LOVE2 Theatre Company and Impel Theatre present a cool and affecting production of Watching Glory Die, Judith Thompson’s semi-fictionalized account of Ashley Smith—the young woman who, while under video surveillance, strangled herself to death in the Grand Valley Institution for Women. Many of the details remain the same, but Thompson’s play is less concerned with chronicling the case than in examining the inner lives of three main players.
Like Smith, the fourteen year old Glory had been sent to a juvenile facility for throwing crabapples at a mailman. Some erratic behaviour lands her in isolation, and repeatedly extends her incarceration, for four years. This leads to a deteriorating mental state and her eventual death. The play is a series of interconnected monologues from Glory (Kaitlin Race), her adoptive mother, Rosellen (Jennifer McEwen), and a corrections officer named Gail (Pip Dwyer).
Of the three, Glory is the most enigmatic. So much of her text is hallucinatory, a lonely mind conjuring fantasies to help her cope with isolation. From these restless imaginings, she summons a reptile consciousness which she calls her crocodile mother. The facts of her stories are dubious yet Race’s guileless intensity disarms you completely and pulls you into the truth of her fraught reality.
Gail, on trial for criminal negligence in connection with Glory’s death, is a fascinating knot of conflicting emotions. As our window into the circumstances and culture of the institution, she grounds us—a function she’s deeply invested in, aware of our power to accept or condemn her. Dwyer shows us, with vivid nuances, Gail’s uncertain grasp on her own narrative. It is tough for her to reconcile the rational facts of her defence with a festering guilt.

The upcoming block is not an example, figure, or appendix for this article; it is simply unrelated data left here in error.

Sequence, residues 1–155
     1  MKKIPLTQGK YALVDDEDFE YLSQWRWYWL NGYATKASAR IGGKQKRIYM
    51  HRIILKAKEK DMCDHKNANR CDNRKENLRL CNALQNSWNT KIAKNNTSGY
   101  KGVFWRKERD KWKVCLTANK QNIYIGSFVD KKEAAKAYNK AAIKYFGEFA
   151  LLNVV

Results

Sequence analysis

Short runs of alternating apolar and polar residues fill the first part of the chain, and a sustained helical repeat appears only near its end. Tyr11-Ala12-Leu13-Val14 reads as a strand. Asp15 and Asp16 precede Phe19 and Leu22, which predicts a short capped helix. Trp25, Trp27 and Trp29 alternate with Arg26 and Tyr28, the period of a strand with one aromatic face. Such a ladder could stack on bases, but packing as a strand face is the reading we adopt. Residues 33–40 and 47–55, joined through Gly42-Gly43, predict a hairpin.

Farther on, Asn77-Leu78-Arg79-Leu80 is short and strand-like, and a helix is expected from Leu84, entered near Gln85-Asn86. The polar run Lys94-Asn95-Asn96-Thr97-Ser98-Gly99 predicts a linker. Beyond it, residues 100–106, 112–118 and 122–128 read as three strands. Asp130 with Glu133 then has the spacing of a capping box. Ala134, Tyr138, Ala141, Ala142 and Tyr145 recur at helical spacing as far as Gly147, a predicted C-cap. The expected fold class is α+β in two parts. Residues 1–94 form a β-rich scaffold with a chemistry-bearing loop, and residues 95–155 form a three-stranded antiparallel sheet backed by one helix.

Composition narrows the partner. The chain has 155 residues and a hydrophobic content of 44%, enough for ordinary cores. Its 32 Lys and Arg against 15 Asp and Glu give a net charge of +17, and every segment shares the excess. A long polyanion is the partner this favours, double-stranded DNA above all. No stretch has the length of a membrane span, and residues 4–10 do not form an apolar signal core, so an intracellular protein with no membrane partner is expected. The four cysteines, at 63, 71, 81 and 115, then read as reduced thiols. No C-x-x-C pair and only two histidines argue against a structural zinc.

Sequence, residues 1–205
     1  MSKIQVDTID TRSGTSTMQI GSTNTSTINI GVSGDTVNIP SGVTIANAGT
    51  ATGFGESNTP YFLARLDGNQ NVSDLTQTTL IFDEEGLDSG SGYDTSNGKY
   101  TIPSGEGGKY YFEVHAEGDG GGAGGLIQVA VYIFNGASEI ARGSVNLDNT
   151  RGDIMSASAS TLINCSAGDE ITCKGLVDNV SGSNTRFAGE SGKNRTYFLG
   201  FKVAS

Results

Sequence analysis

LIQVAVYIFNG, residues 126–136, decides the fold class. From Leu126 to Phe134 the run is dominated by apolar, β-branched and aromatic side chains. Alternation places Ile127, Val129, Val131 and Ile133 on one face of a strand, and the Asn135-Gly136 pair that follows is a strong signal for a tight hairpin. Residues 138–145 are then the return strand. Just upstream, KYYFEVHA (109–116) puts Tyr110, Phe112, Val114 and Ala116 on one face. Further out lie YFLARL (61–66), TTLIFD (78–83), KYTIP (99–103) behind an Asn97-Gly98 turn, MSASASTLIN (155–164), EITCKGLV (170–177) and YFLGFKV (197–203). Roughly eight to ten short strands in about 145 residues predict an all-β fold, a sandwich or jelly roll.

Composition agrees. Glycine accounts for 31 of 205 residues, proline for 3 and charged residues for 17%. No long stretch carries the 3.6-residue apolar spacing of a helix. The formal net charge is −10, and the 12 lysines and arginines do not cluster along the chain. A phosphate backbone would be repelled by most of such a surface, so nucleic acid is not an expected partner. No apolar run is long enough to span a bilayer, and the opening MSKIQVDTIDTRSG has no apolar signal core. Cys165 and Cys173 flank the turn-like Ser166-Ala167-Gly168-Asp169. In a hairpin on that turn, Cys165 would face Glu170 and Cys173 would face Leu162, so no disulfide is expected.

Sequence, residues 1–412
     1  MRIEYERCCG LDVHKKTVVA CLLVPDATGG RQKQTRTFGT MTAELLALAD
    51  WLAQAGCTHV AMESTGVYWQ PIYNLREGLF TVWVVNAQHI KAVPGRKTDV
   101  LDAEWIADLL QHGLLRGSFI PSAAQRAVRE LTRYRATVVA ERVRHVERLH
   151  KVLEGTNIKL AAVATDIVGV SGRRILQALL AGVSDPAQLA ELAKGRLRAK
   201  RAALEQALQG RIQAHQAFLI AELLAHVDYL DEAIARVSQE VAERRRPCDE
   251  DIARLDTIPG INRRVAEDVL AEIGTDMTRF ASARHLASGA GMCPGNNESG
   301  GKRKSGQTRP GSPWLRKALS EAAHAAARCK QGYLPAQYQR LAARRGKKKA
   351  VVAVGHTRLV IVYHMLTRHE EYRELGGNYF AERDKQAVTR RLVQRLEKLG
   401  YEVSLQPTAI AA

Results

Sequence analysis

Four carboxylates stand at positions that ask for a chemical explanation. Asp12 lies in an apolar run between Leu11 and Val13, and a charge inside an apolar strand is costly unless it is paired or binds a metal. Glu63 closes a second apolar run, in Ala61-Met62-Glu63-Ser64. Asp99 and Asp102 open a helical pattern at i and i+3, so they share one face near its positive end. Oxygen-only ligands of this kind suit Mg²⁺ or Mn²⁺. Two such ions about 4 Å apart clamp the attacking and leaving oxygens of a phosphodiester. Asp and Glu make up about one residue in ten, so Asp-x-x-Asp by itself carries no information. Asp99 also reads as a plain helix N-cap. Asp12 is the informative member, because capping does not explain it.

In defiance of her own mother, who raised her to be polite and proper, Rosellen is a resilient and demanding presence. Determined not to let the system define her daughter, she is a fierce advocate and the most hopeful character, always seeing the best in Glory and wanting to share that vision with us. In the role, McEwan reveals her flair for persuasive, telling gestures that tug the audience into her confidence before she utters a single line.
While each of these women are very much alone in their frustration and grief, Thompson’s script and the actors convey a deep, unspoken connection. Director Kendra Jones gives this link tangible form in her intensely physical staging. She has us fixate on a length of fabric that binds all three women. As they stretch and pull, Glory is often caught within its folds, paradoxically tethered yet somehow out of reach.
Glory flounders in a punitive system that fails to adapt to her individual, unique humanness. As her destruction wreaks havoc on two other lives, the play challenges the functionality of that system and raises questions about its responsibility. The blackened cement-block walls of the venue itself support that pervading sense of oppressive, institutional structures. And some stairs, looming in the background, suggest the possibility of freedom, though even that carries menacing potential.
Perhaps Thompson’s script indicates this should be pre-recorded, but regardless: I did not find the audio of the crucial incident very compelling. This awful event is the crux of the story and yet it feels so remote here—the actors standing in tableau while Gail’s disembodied voice is heard. This pivotal scene lacks the emotional urgency of all that came before.
Disrupting that perceived boundary between performer and audience, the powerful finale of Watching Glory Die is somehow both bleak and eerily transcendent.